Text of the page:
Social Security, Medicare and Medicaid Work for America: State Reports 2012 — This series of 50 state reports by the Strengthen Social Security coalition provides information about the history of the program and “compelling, real-life stories” that highlight state statistics on the number of recipients of benefits, the types of benefits they receive, and the total amount of funds going from these critical programs into every state.

Predatory Privatization: Exploiting Financial Hardship, Enriching the One Percent, Undermining Democracy — People for the American Way released this report looking at how, in many states who have recently seen budget crises and the rising influence of anti-government ideology among elected officials, the push to privatize public services and assets “often reduces the quality of services, burdens taxpayers and threatens democratic government.” Stories of destructive predatory privatization noted in the report include those of the selling of public parking meter revenues, privatizing prisons, privatizing public education, and even turning over toll roads to private corporations.

Who Can Vote: Election Fraud in America — As state voter suppression laws requiring the possession of certain types of photo identification to exercise the constitutional right to vote spread across the nation, this database and report compiled by News21 (a Carnegie-Knight investigative reporting project) analyzed 2,068 reported cases of election fraud over the past dozen years and found precisely 10 cases of alleged in-person voter impersonation — the type of fraud that voter ID laws purportedly aim to prevent. With 37 state legislatures having enacted or considered voter suppression laws, the conclusion of the study — that in-person voter fraud on Election Day is “virtually non-existent” — should give supporters of such legislation pause. The authors note that “with 146 million registered voters in the United States [since 2000], those 10 cases represent one out of about every 15 million prospective voters.” (That’s 0.0000006%.)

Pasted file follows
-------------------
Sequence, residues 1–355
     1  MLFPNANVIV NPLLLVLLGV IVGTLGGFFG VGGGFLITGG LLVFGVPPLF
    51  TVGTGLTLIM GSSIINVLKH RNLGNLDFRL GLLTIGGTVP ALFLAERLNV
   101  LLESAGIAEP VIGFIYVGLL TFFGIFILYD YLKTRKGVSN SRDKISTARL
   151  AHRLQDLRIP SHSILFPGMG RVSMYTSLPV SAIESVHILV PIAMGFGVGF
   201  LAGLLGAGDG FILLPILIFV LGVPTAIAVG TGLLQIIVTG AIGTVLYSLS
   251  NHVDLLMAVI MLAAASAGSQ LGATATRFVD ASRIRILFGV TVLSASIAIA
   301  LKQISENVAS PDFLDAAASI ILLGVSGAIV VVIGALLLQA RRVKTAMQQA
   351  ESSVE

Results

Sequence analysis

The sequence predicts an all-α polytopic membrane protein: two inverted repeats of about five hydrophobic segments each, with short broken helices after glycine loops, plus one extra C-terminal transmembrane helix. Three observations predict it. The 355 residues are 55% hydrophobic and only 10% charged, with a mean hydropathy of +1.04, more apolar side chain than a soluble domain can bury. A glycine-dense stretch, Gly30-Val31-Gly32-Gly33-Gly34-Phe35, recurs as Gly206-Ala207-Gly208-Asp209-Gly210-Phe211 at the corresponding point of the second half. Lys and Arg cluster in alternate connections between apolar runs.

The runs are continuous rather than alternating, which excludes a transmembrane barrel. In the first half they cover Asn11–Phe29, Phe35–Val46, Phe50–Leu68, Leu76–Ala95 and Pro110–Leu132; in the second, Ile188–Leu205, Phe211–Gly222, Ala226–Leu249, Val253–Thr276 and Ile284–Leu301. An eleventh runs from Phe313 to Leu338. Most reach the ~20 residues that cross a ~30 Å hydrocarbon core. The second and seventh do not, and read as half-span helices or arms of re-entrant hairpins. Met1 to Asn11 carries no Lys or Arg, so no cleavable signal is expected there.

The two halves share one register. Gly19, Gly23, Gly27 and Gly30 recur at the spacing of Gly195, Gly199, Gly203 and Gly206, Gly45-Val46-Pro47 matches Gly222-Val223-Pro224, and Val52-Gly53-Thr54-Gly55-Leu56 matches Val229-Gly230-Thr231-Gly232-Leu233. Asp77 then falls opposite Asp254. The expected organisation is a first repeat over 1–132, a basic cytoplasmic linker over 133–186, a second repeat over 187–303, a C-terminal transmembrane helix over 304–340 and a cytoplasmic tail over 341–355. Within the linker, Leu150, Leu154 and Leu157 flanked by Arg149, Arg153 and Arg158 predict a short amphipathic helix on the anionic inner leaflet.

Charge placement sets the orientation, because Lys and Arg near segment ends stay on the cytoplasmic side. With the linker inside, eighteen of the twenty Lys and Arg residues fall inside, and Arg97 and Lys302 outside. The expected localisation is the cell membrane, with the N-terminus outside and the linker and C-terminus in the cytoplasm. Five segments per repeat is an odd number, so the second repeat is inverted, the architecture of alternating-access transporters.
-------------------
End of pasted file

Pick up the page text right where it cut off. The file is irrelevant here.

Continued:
Right-to-Work Laws Increase Poverty, Decrease Productivity — This analysis recently featured by the National Education Association takes a look at the real world effects of so-called “right-to-work” (RTW) laws in the 22 states where a version of the anti-worker law is on the books, versus the 28 worker-friendly states. Analyzing a “spectrum” of seven measures for standard of living (including GDP, poverty rates, life expectancy rates, and more), the study notes the data “clearly show the adverse consequences of RTW laws on people living in those states.” Among other findings, the report notes that 11 of the 15 states with the highest poverty rates are RTW states, while nine of the 11 states with the lowest are worker-friendly.

The Conservative Takeover of State Judiciaries: Ballot Referendums to Watch — This Center for American Progress issue brief points to a growing effort in multiple states to politicize the judicial system by allowing governors to replace competent state judges — an effort primarily backed by conservatives. The authors note that lawmakers in 24 states have proposed such legislation in 2011 or 2012, with one result being increased pressure on judges “to lean conservative in their judicial outcomes.” The brief summarizes current pushes for politicization of the courts in Missouri, Florida, and Arizona, suggesting that these efforts are a growing threat that will continue to spread through the states in 2014, 2016, and beyond.

Effects of Bush Tax Cuts in Your State — With the Bush tax cuts set to expire at the end of the calendar year, this collection of state-specific reports and press materials from Americans for Tax Fairness documents the cost, state-by-state, of continuing to give tax breaks to the richest 2%.

How Many Weeks of Unemployment Compensation Are Available? — This policy brief and accompanying map from the Center on Budget and Policy Priorities shows the maximum number of weeks of unemployment insurance benefits currently available in each of the 50 states.